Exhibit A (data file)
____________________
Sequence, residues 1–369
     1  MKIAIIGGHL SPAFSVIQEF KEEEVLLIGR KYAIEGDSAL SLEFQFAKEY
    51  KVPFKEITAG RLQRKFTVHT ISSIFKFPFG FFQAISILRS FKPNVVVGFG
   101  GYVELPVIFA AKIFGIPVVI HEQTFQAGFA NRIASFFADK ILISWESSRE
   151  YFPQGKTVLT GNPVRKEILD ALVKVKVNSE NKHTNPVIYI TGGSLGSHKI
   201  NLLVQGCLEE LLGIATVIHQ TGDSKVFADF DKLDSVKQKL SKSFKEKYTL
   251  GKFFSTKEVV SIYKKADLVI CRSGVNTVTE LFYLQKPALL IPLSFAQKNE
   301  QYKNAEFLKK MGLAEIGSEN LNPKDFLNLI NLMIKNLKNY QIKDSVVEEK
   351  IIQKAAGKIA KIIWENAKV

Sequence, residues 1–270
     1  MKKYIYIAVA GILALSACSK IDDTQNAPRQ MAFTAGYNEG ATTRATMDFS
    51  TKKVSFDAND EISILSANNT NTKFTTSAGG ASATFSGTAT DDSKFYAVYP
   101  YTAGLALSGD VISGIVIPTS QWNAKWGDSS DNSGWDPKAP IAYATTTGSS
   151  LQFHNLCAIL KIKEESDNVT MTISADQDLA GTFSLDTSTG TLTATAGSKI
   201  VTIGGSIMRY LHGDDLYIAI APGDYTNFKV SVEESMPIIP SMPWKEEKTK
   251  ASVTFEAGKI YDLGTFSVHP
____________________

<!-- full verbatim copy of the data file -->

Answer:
Sequence, residues 1–369
     1  MKIAIIGGHL SPAFSVIQEF KEEEVLLIGR KYAIEGDSAL SLEFQFAKEY
    51  KVPFKEITAG RLQRKFTVHT ISSIFKFPFG FFQAISILRS FKPNVVVGFG
   101  GYVELPVIFA AKIFGIPVVI HEQTFQAGFA NRIASFFADK ILISWESSRE
   151  YFPQGKTVLT GNPVRKEILD ALVKVKVNSE NKHTNPVIYI TGGSLGSHKI
   201  NLLVQGCLEE LLGIATVIHQ TGDSKVFADF DKLDSVKQKL SKSFKEKYTL
   251  GKFFSTKEVV SIYKKADLVI CRSGVNTVTE LFYLQKPALL IPLSFAQKNE
   301  QYKNAEFLKK MGLAEIGSEN LNPKDFLNLI NLMIKNLKNY QIKDSVVEEK
   351  IIQKAAGKIA KIIWENAKV

Sequence, residues 1–270
     1  MKKYIYIAVA GILALSACSK IDDTQNAPRQ MAFTAGYNEG ATTRATMDFS
    51  TKKVSFDAND EISILSANNT NTKFTTSAGG ASATFSGTAT DDSKFYAVYP
   101  YTAGLALSGD VISGIVIPTS QWNAKWGDSS DNSGWDPKAP IAYATTTGSS
   151  LQFHNLCAIL KIKEESDNVT MTISADQDLA GTFSLDTSTG TLTATAGSKI
   201  VTIGGSIMRY LHGDDLYIAI APGDYTNFKV SVEESMPIIP SMPWKEEKTK
   251  ASVTFEAGKI YDLGTFSVHP